Can’t read a dead man’s mind

Several times Scott McClellan has claimed that the Killian documents are irrelevant because “You can’t read a dead man’s mind”. Besides being about the stupidest thing I’ve ever heard — the big advantage of documentary evidence is that it doesn’t require mindreading — I think that there’s a more sinister meaning.



What he really meant was: “You can’t get to a dead man to change his mind.” They got to Killian’s widow, who explained that her ex-husband never would have said anything bad about “our President”. (The real question, of course, is whether he would have said anything bad about one Lt. Bush thirty years ago.) They got to Neil Bush’s ex-wife Sharon, who denied what she had said about cocaine use at Camp David. They got to George Elliott, Kerry’s commander, who changed his story three times in two days and now refuses to talk to reporters. For a long time they were able to get to Ben Barnes, though just now he flipped on them. Apparently they’ve gotten to the guy who confirmed Killian’s story for CBS (Bobby Hodges), who is no longer willing to talk. And probably they’ve gotten to Hodges’ superior Walter Staudt too.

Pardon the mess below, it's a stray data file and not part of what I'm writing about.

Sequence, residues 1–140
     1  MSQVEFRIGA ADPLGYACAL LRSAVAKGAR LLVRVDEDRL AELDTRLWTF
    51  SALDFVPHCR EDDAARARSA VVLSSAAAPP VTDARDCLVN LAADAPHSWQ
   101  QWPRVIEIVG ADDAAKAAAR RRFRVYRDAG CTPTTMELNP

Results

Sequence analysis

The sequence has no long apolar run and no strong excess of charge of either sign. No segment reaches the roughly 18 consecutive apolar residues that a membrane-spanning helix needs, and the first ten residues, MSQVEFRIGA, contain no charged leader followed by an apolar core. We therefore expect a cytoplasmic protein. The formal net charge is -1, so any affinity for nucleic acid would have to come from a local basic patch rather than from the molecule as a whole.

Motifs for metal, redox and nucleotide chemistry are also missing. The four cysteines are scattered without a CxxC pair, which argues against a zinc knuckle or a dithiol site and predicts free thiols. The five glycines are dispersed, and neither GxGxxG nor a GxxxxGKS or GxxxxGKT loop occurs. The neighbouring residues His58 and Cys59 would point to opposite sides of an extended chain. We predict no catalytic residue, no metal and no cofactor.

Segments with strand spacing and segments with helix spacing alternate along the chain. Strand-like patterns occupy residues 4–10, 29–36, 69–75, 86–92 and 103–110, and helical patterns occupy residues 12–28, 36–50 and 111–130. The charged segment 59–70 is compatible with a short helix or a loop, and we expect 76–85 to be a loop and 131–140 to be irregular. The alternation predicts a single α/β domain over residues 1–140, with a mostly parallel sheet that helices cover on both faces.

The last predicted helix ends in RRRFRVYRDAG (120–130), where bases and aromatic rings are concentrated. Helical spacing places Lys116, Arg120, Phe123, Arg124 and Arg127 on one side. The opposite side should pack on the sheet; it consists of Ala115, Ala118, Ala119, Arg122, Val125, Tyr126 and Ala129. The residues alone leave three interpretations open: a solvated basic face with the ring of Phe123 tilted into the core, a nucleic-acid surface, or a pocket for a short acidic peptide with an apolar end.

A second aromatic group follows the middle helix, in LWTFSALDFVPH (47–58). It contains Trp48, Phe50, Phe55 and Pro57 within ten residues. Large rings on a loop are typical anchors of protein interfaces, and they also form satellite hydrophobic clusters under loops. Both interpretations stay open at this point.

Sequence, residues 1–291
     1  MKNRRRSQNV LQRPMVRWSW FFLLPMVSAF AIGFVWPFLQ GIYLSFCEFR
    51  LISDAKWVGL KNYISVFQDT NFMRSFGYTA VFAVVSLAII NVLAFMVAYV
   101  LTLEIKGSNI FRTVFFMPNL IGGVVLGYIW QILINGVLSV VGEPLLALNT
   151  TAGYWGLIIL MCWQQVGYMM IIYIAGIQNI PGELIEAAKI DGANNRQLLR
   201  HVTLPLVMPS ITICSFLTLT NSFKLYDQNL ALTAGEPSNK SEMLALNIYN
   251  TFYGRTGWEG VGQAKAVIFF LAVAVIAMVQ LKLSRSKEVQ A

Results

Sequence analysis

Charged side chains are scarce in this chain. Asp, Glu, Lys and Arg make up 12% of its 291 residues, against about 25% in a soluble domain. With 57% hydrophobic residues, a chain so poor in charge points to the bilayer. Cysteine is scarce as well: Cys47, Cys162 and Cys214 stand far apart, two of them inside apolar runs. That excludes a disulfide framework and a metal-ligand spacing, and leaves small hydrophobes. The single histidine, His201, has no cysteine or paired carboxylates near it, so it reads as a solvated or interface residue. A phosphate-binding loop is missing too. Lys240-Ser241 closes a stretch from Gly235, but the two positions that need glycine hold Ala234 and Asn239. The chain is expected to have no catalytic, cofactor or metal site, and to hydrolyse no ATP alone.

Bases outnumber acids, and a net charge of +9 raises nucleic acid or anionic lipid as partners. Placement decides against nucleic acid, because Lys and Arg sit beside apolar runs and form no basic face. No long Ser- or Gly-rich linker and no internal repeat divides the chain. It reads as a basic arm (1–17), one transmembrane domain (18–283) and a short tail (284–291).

Someone should make a list of the players in this game who have changed their stories, or who have clammed up, or who have been caught lying. There are plenty of them.

Funny, though — no one can find a single person who remembers Bush from the Alabama Guard. The same way you can’t “get to” a dead man, you can’t get to someone who just plain doesn’t exist at all.

(Somewhat revised 5:00 PM PDT, 6:00 PDT, etc.)